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How are plants being used to treat effluents from fish-farms?


Thors Hammer 5 / 60  
Apr 8, 2012   #1
Unit Two Assignment
Thesis:

Plants are being used to treat wastewater produced from fish farms by up-taking contaminants and turning them into harvestable energy.

Analysis:

It starts by understanding that plants can treat different media like air, soil, and water while removing unwanted contaminants like organic nutrients, metal compounds, ammonias, and turn them into energy for growth. These processes are refered to as Phytoremediation. There are several methods of Phytoremediation including: Phytoaccumulation, Phytostabalization, Phytodegradation, Rhizodegradation, Phytovolitization and Rhizofiltration (arabidopsis).

Fish-farms produce effluent water containing fish excrement and leftover food particles. Plants that have various nutrient requirements similar to those found in the wastewater remove those contaminants effectively and store them in their roots and leaves throughout their lifecycle. This process is known as Rhizofiltration. Other phytoremediation processes such as Hydraulic control involves the plants removing groundwater and diffusing it into the atmosphere to control water levels (arabidopsis).

A good example of Rhizofiltration being used for fish-farming would be where plants are grown hydroponically using raceway wastewater as a source of nutrients while removing contaminants from the water in an environmentally conscious way. Larger facilities can provide controlled environments where they can manipulate artificial lighting, humidity, CO2, and provide plants various substrates for rooting while feeding them the rich wastewater. The plants mature using the nitrogen, phosphorous and potassium along with other macro/micro and trace nutrients effectively depleting the water of those nutrients. Certain plants may be harvested for aesthetical purposes, or processed back into fish-feed forming a symbiotic relation by promoting operational self-sustainability. By facilitating the need for large volumes of nutrients enables the farmer to clean larger volumes of effluent water and sustain an abundance of perpetually grown vegetation. By recycling the water through a closed circuit before releasing it back into the environment, allows control over how many times the wastewater may be treated and therefore how contaminant free the final product will be. This also allows the farmer to use various concentrate levels of nutrients for more sensitive plants. In some cases after water treatment, the plants may be too contaminated for use, or may have been used to absorb dangerous contaminates which now necessitate for reasonable or safe disposal. For example: Sunflowers were used to uptake Radionuclides in contaminated water pools in Chernobyl. In addition, Alfalfa, poplar, juniper and fescue have been used in Phytoextraction treating soil and groundwater of petroleum and hydrocarbons in Ogden, UT.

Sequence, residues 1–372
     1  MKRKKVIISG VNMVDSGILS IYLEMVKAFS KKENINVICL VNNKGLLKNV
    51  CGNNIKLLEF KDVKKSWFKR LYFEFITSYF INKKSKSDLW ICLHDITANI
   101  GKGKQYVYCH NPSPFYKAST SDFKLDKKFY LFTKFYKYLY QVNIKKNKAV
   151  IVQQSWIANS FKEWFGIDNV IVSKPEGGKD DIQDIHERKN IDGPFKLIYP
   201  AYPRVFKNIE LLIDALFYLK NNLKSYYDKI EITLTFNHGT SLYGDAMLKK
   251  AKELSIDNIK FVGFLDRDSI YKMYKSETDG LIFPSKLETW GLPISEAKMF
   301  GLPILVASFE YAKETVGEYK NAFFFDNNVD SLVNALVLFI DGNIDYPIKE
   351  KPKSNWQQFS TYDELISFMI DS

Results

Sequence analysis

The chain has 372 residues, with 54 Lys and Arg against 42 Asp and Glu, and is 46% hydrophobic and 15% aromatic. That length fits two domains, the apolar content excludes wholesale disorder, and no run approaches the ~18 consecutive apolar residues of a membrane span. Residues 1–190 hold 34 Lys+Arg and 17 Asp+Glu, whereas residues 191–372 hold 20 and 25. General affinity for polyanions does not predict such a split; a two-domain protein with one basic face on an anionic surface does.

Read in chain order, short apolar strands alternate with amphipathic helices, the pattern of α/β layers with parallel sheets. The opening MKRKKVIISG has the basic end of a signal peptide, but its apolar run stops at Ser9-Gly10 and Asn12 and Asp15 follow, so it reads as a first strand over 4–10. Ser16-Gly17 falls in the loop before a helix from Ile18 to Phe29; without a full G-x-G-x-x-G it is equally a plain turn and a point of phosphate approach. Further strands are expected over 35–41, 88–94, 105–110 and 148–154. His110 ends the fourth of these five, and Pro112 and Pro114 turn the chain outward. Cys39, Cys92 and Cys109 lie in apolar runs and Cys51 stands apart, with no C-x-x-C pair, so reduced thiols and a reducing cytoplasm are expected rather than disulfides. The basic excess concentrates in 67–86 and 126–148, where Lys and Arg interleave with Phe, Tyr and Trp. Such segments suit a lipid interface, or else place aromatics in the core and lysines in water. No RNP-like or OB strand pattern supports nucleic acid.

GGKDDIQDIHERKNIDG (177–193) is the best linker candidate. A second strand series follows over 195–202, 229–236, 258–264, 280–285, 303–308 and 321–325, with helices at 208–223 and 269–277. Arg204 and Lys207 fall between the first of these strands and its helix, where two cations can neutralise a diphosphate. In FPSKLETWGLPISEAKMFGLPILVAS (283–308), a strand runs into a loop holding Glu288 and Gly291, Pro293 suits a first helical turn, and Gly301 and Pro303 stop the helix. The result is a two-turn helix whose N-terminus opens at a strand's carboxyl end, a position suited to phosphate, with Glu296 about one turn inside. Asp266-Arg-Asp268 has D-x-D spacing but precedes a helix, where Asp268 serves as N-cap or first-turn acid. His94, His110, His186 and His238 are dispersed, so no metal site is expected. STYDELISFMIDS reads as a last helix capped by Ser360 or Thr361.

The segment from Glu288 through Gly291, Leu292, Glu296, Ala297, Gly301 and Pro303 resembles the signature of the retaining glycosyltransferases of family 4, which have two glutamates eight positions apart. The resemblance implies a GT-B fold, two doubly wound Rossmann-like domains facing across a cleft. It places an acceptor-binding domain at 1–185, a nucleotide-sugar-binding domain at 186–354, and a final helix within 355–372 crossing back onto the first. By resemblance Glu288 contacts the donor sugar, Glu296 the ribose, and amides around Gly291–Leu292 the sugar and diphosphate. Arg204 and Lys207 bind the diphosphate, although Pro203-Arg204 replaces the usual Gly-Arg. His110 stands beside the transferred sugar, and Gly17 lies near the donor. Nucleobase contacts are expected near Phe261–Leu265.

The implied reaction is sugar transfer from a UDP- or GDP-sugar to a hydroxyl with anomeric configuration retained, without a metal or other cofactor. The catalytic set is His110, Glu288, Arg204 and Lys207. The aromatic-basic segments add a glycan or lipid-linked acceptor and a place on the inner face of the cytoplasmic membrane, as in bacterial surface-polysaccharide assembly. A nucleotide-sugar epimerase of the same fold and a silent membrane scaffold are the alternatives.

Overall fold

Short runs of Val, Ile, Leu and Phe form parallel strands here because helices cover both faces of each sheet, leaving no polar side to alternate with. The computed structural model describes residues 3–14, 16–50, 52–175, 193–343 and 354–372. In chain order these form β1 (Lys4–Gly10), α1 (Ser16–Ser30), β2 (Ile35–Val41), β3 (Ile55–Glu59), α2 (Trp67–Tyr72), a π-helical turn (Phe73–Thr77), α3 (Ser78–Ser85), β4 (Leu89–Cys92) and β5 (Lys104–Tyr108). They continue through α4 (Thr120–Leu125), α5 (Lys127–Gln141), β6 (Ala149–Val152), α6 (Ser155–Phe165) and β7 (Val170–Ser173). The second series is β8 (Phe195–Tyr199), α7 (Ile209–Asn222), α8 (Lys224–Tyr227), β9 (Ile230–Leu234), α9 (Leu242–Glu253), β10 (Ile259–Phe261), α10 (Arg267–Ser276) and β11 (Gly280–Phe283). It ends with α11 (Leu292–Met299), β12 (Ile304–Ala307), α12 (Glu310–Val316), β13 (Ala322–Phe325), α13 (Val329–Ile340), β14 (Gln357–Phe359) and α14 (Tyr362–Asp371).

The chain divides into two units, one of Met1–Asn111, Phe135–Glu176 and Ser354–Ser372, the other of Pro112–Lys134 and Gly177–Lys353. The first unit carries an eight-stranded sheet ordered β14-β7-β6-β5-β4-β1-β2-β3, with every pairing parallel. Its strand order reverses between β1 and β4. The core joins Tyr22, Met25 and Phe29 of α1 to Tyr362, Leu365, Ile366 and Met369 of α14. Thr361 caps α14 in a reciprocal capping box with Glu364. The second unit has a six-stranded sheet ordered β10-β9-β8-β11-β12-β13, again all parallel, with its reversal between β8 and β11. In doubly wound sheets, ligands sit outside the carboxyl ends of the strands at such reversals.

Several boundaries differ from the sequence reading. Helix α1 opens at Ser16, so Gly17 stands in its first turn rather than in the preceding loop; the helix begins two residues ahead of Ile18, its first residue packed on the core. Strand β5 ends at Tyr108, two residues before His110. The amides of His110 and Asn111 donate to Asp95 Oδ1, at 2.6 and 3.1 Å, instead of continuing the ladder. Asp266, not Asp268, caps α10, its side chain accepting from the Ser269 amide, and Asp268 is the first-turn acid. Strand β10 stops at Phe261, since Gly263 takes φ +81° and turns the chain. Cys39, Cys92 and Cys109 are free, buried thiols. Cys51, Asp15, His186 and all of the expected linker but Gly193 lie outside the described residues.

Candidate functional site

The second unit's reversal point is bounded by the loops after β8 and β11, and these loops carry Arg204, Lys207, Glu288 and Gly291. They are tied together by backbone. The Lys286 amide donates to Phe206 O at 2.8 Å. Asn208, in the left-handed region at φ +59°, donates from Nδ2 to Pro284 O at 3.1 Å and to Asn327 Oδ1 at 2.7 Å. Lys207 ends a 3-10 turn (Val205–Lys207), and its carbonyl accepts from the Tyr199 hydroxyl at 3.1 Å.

Case Study One:

In an experiment (Ghaly et al., 2005) conducted with Tilapia wastewater from a fish-farm located in Chezzacook, Halifax County, Nova Scotia. Five plants were selected for growth, and each characterized for their required Nitrogen, Phosphorous, and Potassium: Alfalfa 113/59/180 - White Clover 170/59/180 - Fall Rye 50/22/17 - Barley 56/28/17 - Oat 56/22/22. The chemical analysis of the effluent water for those nutrients was averaged at 115/50/230. The Clover and Alfalfa had growth problems from the start and died off. The Oat, Rye and Barley had the best results which showed the "total reductions in solids of Nitrogen, Phosphorous, and Potassium ranged from 54.7% to 91% (Ghaly et al., 2005). The study revealed "the plants were able to remove all the pollutants in the wastewater and significant portions of those released substances."(Ghaly et al., 2005)

Case Study Two:

A study conducted to determine the Efficiency of aquatic macrophytes to treat Nile tilapia pond effluents (Henry-SilvaI; Monteiro CamargoII, 2006) was conducted in Brazil. They used the water containing 2000 juvenile tilapia and released it into large concrete tanks for treatment every twenty-four hours. The test showed that over the course of the season, concentration levels of Nitrogen and Phosphorous increased compared with the water source (Henry-Silva et al,. 2008). This was due to the increased feed being used to feed the growing fish (three times more at the end than at the start) as well as accumulation of nutrient levels within the plants. The tests conclude by saying that "after macrophyte treatment, it is possible reusing effluent treated in fish farms and to release it into the aquatic ecosystem avoiding artificial eutrophication." (Henry-SilvaI; Monteiro CamargoII, 2006)

Conclusion:

Although macrophytes can be used to treat effluent water sources from fish farms, limitations as to the efficiency of treating large volumes are numerous. However, by balancing sufficient need for nutrients in ratio with the effluent needed to be treated, along with selection the appropriate plants and growing techniques, would allow for great potential when raising fish inland.

References:

Ghaly A.E., Kamal M. and Mahmoud N.S. "Phytoremediation of aquaculture wastewater for water recycling and production of fish feed." Elsevier.2004.Web. 28 March 2012.

"Arabidopsis.info" What is Phytoremediation. March 28. 2012.

Hegedus, Reka et al,."Potential phtroremediation function of plants in effluent treatment of an intensive fish-farming system using geothermal water"Sapientia.2009. March 28. 2012.

Gustavo Gonzaga Henry-SilvaI; Antonio Fernando Monteiro CamargoII, 2006. Science Agricola. Efficiency of aquatic macrophytes to treat Nile tilapia pond effluents, Oct 2006. Web. 28 March. 2012.

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